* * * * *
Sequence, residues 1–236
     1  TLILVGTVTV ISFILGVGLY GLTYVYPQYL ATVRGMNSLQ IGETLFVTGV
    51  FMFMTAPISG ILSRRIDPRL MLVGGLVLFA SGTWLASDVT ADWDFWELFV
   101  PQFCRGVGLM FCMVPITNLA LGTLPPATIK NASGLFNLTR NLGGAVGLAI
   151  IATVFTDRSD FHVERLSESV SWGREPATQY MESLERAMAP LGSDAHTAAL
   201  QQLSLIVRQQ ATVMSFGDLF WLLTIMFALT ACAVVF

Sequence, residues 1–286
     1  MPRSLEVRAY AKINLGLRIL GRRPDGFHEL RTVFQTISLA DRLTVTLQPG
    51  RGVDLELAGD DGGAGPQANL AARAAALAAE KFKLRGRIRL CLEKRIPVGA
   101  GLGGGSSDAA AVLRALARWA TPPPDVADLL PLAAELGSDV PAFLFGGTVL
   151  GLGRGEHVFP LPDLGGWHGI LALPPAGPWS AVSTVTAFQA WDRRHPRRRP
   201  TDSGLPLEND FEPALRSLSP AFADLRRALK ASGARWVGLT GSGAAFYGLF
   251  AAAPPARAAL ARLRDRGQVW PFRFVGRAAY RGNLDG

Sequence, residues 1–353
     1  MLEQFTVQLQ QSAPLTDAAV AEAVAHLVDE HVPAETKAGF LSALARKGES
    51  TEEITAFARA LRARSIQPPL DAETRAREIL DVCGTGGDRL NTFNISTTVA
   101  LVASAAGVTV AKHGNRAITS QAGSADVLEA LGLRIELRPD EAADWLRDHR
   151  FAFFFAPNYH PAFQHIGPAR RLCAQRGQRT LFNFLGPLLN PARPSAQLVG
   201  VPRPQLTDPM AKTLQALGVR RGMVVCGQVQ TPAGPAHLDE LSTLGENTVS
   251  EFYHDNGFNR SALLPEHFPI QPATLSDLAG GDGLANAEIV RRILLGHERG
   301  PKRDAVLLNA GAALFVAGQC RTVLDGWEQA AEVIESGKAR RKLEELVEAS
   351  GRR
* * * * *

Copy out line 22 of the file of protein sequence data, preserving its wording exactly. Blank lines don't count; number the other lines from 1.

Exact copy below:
   351  GRR